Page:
The Easter Lily will shortly grace Catholic and Christian churches throughout the world as a sign of the Resurrection of Christ after his passion on Good Friday.
The United States began the tradition of using lillies on Easter Sunday after a returning tourist from Philadelphia smuggled some bulbs into her luggage in the 1880's after a visit to Bermuda. After that, the plant was commmercially grown and firmly established itslelf as the flower of choice for an Easter display in both homes and churches alike.
Traditionally, we are told legends of the lily. Reportedly, the lily sprung up in the Garden of Gethsemane whereever the beads of perspiration fell from the face of Christ during his agony in the same garden. They are considered flowers of hope and are commonly used in Christian Churches to celebrate the hope of the resurrection experienced by Christ and the hope all Christians maintain for the final resurrection at the end of time.
The ancient Romans believed that lillies were the result of spills from the lactating Juno, while feeding Hercules. Whereever the drops of Juno's breastmilk fell onto the earth, lillies were thought to have emerged. There is also speculation that the Milky Way was formed from the residual drops of Juno's breastmilk was spread throughout the stars, causing the cloudy manner in which the Milky Way is viewed from Earth. Finally, other legends associate lillies with the tears of Eve after their transgression in the Garden of Eden that resulted in Adam and Eve's expulsion from God's paradise.
Regardless of the legends and the manner through which the Easter Lily has come into our celebration of Spring, it is a welcome sign of new life, hope and of course purity. Often in Christian symbolism, the lily is associated with the Virgin Mary, and her perpetual virginity. The lily is often seen as a sign and symbol of Mary's purity of life and her consistent commitment to purity.
The Archangel Gabriel is often seen in Catholic depictions of the Annunciation extending a lily to the Blessed Mother as a sign of her vocational call towards a life of virginity and purity. Whenever the Holy Family is portrayed, a lily is present to indicate Mary's virginity even after the birth of Christ.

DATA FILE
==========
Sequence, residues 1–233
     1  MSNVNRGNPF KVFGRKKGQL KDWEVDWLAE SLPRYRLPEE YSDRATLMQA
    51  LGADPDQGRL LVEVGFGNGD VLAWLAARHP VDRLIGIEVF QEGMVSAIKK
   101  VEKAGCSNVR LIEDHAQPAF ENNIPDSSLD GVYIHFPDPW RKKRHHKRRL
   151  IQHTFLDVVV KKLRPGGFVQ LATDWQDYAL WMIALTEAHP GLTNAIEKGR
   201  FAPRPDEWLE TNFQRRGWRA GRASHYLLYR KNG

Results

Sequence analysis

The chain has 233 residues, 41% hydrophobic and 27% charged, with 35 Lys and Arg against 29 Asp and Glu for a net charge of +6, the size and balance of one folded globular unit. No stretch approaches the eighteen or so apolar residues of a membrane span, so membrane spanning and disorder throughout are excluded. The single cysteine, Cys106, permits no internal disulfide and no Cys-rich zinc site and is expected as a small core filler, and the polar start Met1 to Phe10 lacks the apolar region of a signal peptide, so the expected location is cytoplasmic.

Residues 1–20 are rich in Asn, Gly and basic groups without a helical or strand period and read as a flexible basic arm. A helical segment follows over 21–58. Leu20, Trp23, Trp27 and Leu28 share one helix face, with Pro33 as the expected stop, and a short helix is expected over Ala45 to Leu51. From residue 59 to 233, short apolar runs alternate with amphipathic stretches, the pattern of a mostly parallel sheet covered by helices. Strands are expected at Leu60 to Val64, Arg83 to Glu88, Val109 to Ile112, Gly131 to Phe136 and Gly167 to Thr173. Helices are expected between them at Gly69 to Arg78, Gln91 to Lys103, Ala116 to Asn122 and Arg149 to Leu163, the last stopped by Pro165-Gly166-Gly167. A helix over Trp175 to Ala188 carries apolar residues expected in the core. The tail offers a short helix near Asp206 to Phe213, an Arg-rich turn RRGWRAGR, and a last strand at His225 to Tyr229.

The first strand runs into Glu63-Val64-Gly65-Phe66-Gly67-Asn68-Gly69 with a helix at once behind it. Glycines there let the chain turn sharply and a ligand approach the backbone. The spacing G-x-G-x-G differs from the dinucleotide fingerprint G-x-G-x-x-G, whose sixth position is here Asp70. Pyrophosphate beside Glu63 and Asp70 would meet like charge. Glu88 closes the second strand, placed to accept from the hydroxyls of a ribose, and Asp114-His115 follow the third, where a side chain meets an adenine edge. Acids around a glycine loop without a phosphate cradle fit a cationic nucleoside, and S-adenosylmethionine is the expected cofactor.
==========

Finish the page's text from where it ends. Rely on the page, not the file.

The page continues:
The Eastern Catholic and Orthodox Church often tells a legend that after Mary's death, her tomb was found empty and in her place bouquets of lillies were present throughout the tomb. The antlers of the plant are symbolic of the radiance of her eternal life after death and the white flowers are representative of her spotless body and soul. So in Christian iconography, the Easter Lily is present at the Annunciation, and the Assumption as an ever pervasive symbol of Mary's perpetual purity of both body and soul.
The stamens and pistils of the Easter Lily while reprsenting the glow of eternal life for iconographers are a different thing for the often prudish Victorians. They considered those parts of the Easter Lily as too representational of the sex act and were commonly removed so as not to present temptations to anyone that viewed them. More than likely, they actually realized that those parts of the Easter Lily presented a satorial concern. The stamens and the pistils of the Easter Lily stain clothing in a permanent manner, So in deference to providing a tale of sexual desires, the pragmatic reason the Victorians removed the stamens and the pistils was to avoid staining clothing.
In most cases, the Easter Lily reminds Christians of their spiritual aspirations through prayer. To the present day, lillies are viewed as intermediaries of prayer between the people of Earth to a transcendent God who receives human supplications through the beauty of the ever humble Easter Lily.